River erosion is believed to swallow nearly 25,000 acres (10,000 ha) each year, leaving some 60,000 people homeless. It is predicted to consume 3,575 sq km by 2025. The Brahmaputra and Jamuna rivers alone are said to have contributed to one million rural inhabitants being driven into poverty, and forced to relocate, with the trend in recent decades of moving to the cities in search of work. According to Oxfam, up to 90% of trafficked women and children are victims of river erosion, forced to migrate from their rural homes.
There is a growing recognition that climate change in terms of global warming precipitating rising sea-levels is a genuine harmful phenomenon and is a potential threat to low-lying countries, such as Bangladesh. Surprisingly, there appears to have been a few simulation exercises to try to predict how many people and how much land would be affected by rising sea-levels. While accepting that the rate of climate change will be determined by many factors, and by circumstances already in place, the simulations by University of Middlesex, UK, suggest that South Asia will be massively affected, with up to 55 million people affected by flooding, if there is no change in their present levels of CO2 emissions and atmospheric warming (9). This impact could be reduced to 20 million if CO2 emissions are stabilized at 750 ppm [Pre-industriali-zation levels averaged around 280 ppm], and to 10 million if reduced to 550 ppm.
Two qualifications here are that many of those affected in South Asia will be on the Indian coast, but Bangladesh currently has around 30 million people living in vulnerable coastal areas and islands in the Bay of Bengal. The second qualification is that the time scale is believed to be relatively long in political, if not geological, terms. The Hadley Centre for Climate Prediction and Research estimates that sea-levels will rise about 40 cm (15 inches) by 2080.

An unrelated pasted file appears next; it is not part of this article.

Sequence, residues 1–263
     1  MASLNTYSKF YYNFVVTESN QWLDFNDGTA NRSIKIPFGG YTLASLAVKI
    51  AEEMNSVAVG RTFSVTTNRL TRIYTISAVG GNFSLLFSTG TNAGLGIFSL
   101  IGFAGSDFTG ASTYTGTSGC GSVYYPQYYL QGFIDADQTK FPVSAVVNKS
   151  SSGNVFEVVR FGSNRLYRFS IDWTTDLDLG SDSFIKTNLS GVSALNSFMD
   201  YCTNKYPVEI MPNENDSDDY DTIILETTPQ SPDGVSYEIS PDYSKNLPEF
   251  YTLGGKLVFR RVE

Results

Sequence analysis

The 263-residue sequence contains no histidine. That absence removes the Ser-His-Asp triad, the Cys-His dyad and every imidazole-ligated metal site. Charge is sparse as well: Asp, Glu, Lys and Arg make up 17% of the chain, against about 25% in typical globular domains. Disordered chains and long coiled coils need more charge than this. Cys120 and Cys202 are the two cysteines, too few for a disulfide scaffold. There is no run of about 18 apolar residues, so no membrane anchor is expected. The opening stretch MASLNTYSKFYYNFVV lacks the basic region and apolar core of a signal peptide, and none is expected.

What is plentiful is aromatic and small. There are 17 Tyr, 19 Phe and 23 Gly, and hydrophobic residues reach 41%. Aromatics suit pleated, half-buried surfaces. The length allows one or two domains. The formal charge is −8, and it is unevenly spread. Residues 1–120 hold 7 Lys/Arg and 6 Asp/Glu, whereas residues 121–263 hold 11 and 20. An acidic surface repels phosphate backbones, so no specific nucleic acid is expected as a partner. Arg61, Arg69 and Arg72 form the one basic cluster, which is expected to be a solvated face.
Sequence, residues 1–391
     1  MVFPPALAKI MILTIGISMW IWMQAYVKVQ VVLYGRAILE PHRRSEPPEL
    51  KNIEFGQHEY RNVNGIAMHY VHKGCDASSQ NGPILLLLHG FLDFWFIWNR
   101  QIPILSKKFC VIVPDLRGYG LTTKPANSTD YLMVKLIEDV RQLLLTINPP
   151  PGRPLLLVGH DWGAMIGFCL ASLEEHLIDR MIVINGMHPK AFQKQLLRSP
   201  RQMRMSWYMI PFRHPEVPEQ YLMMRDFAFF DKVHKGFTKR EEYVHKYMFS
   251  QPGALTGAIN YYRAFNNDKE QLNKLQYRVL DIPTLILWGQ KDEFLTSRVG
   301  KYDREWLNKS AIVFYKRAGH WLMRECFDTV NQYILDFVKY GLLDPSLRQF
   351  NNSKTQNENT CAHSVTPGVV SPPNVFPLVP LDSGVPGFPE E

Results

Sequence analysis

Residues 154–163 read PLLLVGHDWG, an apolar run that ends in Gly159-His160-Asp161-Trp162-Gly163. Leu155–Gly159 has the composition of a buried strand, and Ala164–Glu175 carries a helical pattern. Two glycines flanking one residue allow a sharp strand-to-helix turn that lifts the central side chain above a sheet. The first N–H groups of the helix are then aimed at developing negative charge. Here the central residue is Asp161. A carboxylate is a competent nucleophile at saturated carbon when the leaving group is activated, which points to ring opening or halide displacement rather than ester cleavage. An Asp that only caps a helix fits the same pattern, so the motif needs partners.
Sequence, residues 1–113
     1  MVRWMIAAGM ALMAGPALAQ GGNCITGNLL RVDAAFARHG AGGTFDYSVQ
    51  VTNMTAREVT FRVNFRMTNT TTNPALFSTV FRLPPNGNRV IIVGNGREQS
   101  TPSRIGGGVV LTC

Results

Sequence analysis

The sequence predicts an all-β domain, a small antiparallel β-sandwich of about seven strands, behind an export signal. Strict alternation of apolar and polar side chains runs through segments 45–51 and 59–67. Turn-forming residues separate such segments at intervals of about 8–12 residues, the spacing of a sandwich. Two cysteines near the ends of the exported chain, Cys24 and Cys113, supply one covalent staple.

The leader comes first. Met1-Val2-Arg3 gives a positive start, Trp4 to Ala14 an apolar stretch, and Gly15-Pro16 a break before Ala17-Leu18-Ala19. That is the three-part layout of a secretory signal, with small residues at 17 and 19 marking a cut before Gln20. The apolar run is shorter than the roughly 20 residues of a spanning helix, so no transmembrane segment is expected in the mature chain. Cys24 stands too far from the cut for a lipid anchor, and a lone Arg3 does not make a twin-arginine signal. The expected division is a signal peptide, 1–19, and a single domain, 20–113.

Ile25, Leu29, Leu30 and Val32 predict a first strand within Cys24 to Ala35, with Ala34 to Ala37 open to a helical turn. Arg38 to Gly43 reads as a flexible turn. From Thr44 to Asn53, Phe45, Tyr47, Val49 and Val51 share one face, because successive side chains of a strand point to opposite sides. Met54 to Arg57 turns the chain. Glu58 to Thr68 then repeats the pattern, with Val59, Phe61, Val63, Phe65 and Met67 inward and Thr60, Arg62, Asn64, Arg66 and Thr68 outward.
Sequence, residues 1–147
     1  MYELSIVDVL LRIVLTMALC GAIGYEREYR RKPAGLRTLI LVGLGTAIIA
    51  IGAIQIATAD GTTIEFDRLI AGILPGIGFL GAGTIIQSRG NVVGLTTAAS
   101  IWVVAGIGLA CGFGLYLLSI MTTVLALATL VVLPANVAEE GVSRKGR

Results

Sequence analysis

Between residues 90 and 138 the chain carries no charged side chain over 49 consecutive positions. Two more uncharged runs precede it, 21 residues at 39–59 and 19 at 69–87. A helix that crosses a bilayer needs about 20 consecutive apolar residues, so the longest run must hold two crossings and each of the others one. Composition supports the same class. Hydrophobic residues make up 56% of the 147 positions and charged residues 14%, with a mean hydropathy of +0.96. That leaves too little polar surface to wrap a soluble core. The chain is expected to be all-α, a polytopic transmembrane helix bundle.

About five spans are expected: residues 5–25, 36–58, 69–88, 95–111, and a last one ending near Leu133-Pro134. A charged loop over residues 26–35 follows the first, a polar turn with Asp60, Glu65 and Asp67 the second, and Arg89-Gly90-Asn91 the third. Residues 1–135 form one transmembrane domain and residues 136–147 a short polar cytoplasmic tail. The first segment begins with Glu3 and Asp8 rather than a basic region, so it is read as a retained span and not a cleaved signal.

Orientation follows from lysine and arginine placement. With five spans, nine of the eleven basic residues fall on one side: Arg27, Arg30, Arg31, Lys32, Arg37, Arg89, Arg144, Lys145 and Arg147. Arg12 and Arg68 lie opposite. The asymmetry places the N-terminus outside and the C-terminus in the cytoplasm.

It is frustratingly difficult to find suitable topographic maps to allow estimates of the current population potentially affected by a certain rise in sea-level. An alternative and more pessimistic prediction by GRID Arendal (Fig. (Fig.6)6) is that sea-level might rise 1.5 metres by 2030, in which case 22,000 sq km (16%) of land area would be affected, equivalent to some 34 million population. This latter estimate is quite dated by now, and new estimates are needed. The SURVAS project (www.survas.mdx.ac.uk) is in the process of updating some of these simulations for the developing world (9).
A recent study has suggested a catastrophic possibility of sea-levels rising by as much as six metres by 2100 due to more rapid-than-expected melting of the polar ice-caps (10). Such an event would swamp vast areas of Bangladesh and cause extreme hardship and damage to agriculture and other crops, e.g. pond-based shrimp production, even if there was time to warn and relocate coastal residents (See current and projected coast lines of Bangladesh.)
Bangladesh has achieved considerable success in reducing fertility but population momentum will carry its population close to 250 million, unless something very dramatic and unforeseen occurs to bring fertility below replacement level within a decade or two.
Future trends in fertility will depend on further improvements in child survival, which has been stagnant for the past decade, following impressive gains in the 1980s. It will also depend on the changing status of women and girls, and that will require continued inputs in primary and secondary female education linked with developing formal sector employment opportunities in the rural areas, not only in the cities.